It must have been a hell of a thing to have been alive from 1860 to 1930 (if we exclude all the negatives).

Why don't we settle for just straight lines and pure utilitarianism in our homes today and still insist on decorating them? We spend about as much awake time at work as home. Why did business stop caring about what was thought within the community, or by the workers?

Sure, some was projecting success, or the confidence of their age, but there seems to have been an expectation things would last. As an awful lot has. Half of many city's buildings are well past a century, little built post-war is likely to get that far.

It was an age where they were trying to leave things better - to their definition of better. Now it seems we're in an age of leaving things cheapened, not necessarily cheaper, but more profitable.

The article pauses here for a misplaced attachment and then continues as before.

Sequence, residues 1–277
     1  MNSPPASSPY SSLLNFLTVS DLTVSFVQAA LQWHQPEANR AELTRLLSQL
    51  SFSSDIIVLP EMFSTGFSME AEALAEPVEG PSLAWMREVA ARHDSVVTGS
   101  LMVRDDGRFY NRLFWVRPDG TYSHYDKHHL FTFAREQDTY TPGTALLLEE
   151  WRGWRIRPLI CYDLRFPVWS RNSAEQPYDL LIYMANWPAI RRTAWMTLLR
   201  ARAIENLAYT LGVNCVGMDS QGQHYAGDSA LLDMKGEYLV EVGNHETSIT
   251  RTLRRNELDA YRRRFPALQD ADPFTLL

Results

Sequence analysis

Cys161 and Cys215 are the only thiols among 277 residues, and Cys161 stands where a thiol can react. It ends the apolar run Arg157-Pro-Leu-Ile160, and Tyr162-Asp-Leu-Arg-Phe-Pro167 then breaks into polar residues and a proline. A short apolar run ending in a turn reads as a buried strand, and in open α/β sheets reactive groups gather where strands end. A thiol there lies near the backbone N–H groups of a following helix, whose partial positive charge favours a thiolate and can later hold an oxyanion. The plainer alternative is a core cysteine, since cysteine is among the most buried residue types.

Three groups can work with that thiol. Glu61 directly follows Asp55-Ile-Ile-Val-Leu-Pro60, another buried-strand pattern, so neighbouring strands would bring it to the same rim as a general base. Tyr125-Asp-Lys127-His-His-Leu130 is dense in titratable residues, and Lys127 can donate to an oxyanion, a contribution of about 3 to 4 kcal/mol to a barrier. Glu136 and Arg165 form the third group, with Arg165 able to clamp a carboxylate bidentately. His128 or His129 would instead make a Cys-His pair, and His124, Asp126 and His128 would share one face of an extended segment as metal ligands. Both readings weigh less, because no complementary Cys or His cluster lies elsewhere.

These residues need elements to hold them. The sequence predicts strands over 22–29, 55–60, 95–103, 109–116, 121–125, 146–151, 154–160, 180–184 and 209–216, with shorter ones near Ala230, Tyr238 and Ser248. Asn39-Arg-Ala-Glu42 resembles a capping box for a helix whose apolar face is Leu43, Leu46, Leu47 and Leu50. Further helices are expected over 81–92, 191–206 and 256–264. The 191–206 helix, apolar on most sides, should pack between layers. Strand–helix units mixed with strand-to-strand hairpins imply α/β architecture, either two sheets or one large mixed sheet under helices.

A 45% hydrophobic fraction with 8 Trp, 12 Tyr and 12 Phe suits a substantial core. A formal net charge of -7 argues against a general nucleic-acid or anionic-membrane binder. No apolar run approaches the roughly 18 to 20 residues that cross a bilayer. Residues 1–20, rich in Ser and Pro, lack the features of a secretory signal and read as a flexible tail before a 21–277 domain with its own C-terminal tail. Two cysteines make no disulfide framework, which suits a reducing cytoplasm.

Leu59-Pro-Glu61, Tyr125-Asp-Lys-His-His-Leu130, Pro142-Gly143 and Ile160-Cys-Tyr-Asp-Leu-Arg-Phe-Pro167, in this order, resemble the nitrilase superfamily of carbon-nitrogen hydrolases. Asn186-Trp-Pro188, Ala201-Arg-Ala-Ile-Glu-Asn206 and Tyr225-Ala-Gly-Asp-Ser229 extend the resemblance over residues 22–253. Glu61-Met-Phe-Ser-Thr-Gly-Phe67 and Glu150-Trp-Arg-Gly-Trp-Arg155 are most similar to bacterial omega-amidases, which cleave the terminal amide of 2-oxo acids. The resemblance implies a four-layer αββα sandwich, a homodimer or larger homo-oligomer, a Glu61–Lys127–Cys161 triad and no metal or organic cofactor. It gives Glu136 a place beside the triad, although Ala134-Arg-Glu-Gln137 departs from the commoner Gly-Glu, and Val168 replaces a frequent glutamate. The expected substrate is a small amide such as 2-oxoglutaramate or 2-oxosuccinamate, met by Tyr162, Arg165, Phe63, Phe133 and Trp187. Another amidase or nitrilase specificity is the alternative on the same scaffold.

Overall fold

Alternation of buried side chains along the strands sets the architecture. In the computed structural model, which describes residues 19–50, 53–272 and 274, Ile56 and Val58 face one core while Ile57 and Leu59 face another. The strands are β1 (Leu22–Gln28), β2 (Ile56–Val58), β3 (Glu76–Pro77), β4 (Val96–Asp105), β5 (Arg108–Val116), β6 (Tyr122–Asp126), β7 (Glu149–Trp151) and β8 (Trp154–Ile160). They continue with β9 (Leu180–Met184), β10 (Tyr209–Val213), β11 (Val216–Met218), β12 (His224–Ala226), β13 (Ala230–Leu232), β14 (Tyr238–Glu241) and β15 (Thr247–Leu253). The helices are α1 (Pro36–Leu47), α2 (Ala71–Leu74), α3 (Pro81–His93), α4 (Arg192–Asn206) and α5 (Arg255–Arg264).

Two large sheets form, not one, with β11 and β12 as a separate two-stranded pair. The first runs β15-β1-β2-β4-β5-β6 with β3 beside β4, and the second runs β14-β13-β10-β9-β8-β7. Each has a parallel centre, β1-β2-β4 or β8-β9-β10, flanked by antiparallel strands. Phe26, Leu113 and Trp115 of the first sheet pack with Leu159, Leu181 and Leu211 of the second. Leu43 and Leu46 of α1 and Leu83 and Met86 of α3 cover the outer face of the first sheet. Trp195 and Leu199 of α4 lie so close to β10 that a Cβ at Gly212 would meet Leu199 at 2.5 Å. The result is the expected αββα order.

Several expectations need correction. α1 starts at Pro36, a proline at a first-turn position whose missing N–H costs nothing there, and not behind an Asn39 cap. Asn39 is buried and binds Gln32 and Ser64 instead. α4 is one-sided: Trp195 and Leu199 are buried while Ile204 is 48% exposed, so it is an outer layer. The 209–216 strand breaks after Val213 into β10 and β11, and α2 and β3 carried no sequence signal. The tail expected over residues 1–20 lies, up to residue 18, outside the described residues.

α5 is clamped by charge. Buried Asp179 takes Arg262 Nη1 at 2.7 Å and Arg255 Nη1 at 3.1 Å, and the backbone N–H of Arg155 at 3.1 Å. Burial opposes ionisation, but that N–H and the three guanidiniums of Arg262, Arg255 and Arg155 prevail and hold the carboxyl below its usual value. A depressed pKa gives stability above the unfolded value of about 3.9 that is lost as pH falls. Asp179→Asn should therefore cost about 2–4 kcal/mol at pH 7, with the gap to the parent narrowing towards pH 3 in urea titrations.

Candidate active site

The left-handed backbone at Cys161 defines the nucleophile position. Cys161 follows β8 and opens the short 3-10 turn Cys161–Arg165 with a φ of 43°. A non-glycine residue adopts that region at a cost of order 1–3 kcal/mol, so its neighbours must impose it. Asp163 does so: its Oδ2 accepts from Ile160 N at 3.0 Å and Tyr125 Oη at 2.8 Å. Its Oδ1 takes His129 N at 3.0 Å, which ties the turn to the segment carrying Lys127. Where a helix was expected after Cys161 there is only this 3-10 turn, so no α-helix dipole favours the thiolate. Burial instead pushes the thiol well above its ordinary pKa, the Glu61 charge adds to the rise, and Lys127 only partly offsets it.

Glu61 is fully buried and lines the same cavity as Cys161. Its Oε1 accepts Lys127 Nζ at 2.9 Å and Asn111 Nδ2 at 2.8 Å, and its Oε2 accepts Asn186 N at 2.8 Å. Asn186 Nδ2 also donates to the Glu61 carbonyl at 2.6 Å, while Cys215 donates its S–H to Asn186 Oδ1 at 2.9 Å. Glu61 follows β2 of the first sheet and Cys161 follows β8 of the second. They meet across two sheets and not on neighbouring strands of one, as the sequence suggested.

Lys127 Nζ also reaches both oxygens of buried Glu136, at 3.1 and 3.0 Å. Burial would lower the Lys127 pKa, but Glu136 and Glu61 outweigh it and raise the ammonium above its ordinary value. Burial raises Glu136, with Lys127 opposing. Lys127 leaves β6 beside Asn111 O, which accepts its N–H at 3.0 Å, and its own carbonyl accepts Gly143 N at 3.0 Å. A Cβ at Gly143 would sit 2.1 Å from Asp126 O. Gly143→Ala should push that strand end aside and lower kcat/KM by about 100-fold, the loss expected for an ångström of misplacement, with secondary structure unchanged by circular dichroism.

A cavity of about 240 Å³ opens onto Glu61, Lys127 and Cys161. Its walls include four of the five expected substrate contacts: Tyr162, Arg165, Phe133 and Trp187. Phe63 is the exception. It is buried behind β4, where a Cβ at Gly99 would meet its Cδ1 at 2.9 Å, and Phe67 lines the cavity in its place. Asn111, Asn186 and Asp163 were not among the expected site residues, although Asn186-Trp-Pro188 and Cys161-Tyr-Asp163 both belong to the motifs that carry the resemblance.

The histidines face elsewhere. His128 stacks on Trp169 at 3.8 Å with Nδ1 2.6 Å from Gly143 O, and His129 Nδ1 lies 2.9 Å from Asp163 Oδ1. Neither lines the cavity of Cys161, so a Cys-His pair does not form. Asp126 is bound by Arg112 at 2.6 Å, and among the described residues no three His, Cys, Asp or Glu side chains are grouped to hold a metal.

I'm not a fan of the current lowest cost beats all fashion.

If you like that I'd also recommend the Kempton Steam Museum. Especially when it's in steam.

It houses, if I remember correctly, the largest triple expansion steam engine in running order.

One alternative is that society has to oscillate around these kind of things. [x] The waste problem has to get so bad that people agree to do something. Then when it's fixed, future generations can start to question why their tax money has to go for something like this, since it's not a problem.

x: depends on the control theory dynamics of the system. It can also reach a stable state.

With climate change, we still have to get to the stage where the problem becomes so bad that most people agree to do something about it. The question is if it will still be possible to "fix it" at that point...

The problem with long delays in your feedback loops.

For problems like sewage the argument is often that _now_ we would have done something else in the past. A time machine argument.

For example in London they'll say we should have built a modern sewer system with separate household waste and storm sewers, then you can dump storm sewer overflow into the river without causing health problems or destroying the ecology of the river. Much better in the long run than the Combined Sewer system built by Bazalgette and still in use today.